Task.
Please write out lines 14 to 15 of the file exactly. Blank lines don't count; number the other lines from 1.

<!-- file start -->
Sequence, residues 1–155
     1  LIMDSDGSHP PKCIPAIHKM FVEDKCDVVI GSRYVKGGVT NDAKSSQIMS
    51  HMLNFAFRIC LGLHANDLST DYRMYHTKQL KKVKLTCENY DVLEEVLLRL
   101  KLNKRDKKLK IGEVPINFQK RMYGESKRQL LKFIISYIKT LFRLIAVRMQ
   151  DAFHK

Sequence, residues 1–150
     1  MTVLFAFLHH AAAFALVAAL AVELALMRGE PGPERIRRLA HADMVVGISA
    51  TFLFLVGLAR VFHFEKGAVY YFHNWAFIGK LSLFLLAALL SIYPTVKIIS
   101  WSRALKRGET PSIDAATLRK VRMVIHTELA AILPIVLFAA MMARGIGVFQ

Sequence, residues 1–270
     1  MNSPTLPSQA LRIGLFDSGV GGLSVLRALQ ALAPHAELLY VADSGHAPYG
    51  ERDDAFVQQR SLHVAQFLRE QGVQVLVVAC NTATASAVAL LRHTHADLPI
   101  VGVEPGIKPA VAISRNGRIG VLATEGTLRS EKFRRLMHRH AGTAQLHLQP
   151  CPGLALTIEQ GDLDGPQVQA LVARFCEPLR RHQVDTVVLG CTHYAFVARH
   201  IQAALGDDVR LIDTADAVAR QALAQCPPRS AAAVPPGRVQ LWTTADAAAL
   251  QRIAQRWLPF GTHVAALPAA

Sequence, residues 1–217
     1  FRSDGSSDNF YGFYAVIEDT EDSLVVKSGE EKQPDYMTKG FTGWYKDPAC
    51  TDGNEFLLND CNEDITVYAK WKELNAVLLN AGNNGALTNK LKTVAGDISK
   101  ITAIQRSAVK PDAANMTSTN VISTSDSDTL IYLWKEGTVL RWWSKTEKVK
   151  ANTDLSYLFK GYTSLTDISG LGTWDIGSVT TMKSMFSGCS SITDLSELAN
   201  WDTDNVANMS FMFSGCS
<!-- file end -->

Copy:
   151  CPGLALTIEQ GDLDGPQVQA LVARFCEPLR RHQVDTVVLG CTHYAFVARH
   201  IQAALGDDVR LIDTADAVAR QALAQCPPRS AAAVPPGRVQ LWTTADAAAL